The Nation magazine makes no pretense at objectivity. It has long stood proudly and openly at the far left fringe of American politics. As such, no one should be surprised or disturbed that it takes an open-borders stance on immigration or by its vehement opposition to Donald Trump.
However, in its most recent rant on both of those topics, writer Julianne Hing stepped over the line of decency. She not only attacked Trump and groups like FAIR, she impugned the character of a murdered teenager and dismissed his father’s tireless efforts to spare other families similar grief as “tokenism.”
Jamiel Shaw Jr. was gunned down in front of his Los Angeles home in 2008 by an illegal alien gang member who had been sprung from the county jail a day earlier. “Shaw is the father of Jamiel Shaw Jr., a 17-year-old football star who was killed in 2008 in Los Angeles by Pedro Espinoza, a 19-year-old undocumented gang member who, as the popular story went, mistook the unaffiliated Shaw for a rival gang member and shot him to death. (The actual case may have been more complex.), Hing writes.”
The parenthetical hyperlink actually appears in The Nation article. The link takes readers to a 2008 Los Angeles Times article reporting on unproven allegations by Espinosa’s attorney that Jamiel Jr. was affiliated with a rival gang. The accusation was nothing more than a sleazy tactic of a lawyer trying to get his client off. No evidence was ever produced to substantiate the posthumous character assault against the murder victim. Espinosa, on the other hand, was found guilty of the murder and will be spending the rest of his life in prison.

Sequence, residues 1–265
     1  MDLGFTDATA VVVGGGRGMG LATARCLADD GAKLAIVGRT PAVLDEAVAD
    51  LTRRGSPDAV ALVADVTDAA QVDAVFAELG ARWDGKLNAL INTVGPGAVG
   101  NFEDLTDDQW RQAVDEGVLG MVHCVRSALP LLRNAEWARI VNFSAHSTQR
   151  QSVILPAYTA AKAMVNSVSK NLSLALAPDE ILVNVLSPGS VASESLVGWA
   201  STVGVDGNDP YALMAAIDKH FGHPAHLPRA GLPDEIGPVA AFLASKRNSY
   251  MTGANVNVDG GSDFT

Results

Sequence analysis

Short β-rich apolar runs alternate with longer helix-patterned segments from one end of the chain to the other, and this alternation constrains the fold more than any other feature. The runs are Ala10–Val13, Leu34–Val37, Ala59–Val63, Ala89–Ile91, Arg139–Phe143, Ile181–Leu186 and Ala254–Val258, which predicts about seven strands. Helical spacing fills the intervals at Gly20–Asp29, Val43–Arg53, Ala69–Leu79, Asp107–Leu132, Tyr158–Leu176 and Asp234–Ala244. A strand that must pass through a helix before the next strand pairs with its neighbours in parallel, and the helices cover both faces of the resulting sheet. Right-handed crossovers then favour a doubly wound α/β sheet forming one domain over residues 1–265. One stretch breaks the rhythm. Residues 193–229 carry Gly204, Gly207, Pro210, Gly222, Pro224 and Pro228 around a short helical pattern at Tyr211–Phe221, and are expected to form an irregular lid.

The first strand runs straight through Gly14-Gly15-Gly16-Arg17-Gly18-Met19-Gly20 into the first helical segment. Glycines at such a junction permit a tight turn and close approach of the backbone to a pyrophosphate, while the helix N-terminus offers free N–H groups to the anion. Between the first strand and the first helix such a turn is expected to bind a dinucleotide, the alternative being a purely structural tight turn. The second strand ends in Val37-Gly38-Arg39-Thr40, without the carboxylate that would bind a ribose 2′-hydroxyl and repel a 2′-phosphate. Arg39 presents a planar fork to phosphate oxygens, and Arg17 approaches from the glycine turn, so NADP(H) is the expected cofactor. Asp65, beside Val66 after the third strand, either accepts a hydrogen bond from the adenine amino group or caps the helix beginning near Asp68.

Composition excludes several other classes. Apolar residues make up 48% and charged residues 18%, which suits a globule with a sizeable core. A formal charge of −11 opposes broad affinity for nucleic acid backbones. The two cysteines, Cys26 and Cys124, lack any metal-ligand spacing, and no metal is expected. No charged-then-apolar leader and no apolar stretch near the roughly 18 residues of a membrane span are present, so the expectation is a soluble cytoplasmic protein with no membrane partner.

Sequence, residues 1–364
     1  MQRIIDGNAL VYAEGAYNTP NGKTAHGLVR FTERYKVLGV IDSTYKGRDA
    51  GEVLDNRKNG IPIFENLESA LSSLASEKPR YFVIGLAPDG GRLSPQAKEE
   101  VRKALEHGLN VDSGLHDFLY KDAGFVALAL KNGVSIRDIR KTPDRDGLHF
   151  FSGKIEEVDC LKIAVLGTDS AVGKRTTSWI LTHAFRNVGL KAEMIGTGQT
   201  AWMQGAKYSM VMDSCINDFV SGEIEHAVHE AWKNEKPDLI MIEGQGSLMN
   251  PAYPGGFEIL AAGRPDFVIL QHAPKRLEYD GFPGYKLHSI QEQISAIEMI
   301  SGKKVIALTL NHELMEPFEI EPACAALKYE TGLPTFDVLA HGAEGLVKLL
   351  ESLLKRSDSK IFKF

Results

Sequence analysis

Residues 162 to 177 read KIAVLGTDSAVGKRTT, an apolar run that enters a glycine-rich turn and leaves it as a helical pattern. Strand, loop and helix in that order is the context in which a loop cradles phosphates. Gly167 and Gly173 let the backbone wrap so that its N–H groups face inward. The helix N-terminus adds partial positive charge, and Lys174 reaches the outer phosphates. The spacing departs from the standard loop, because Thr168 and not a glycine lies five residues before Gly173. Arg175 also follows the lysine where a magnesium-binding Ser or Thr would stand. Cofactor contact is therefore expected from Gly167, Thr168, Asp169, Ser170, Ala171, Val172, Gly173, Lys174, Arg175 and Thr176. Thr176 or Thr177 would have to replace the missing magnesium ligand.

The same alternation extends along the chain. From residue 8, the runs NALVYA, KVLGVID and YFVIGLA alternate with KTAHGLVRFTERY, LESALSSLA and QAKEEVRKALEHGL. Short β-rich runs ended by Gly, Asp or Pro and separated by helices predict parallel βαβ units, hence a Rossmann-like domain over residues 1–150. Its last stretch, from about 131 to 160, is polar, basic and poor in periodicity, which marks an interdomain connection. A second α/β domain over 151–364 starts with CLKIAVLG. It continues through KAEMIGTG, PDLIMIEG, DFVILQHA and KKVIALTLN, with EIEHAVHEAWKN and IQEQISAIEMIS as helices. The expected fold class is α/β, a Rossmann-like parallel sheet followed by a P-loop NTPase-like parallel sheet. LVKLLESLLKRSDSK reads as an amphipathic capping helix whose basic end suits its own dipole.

But Hing’s assault on the Shaw family does not stop with dredging up discredited innuendo against Jamiel Jr. She goes on to accuse Jamiel Sr. of exploiting his race (he’s African-American) and his son’s death by serving as a surrogate for Trump who can get away with (in Hing’s estimation) bias against illegal aliens. “Shaw’s blackness gives him cover from accusations of anti-immigrant racism that follow Trump and his white supporters, and his awful grief laid bare chastises would-be critics into silence.” In one sentence, she manages to both label Jamiel Sr. as a shameless opportunist and assert that opposing illegal immigration is inherently racist.
From there Hing’s tone morphs from insulting to condescending. “How can anyone turn away from a father who will spend the rest of his life grieving the loss of his baby boy? The response from pro-immigration forces has never been able to meet the emotional urgency of Shaw’s arguments. Such is the power of tokenism. (Emphasis added.) Such is the power of a tragic and violent story disconnected from context about immigration and crime,” she writes.
A murdered 17-year-old and his father’s political activism on behalf of immigration enforcement are reduced to opportunistic “tokenism” because the power of the Shaws’ story (and those of many other families who have suffered at the hands of illegal aliens) stand in the way of The Nation’s dream of a nation radically transformed by mass immigration.
It’s not that The Nation (and most especially Ms. Hing) is necessarily opposed to playing on emotions when discussing immigration. Hardly a week goes by on the magazine’s website that does not include some shameless appeal to emotion featuring families “torn apart” by the “heartless” enforcement of immigration laws.
Jamiel Shaw Jr., Kate Steinle, and thousands of other victims of illegal aliens and our government’s indifference to them, are not “tokens.” They were real people with real families who grieve for them. If The Nation can’t muster a little genuine compassion for them, the least they can do is refrain from trampling on their graves.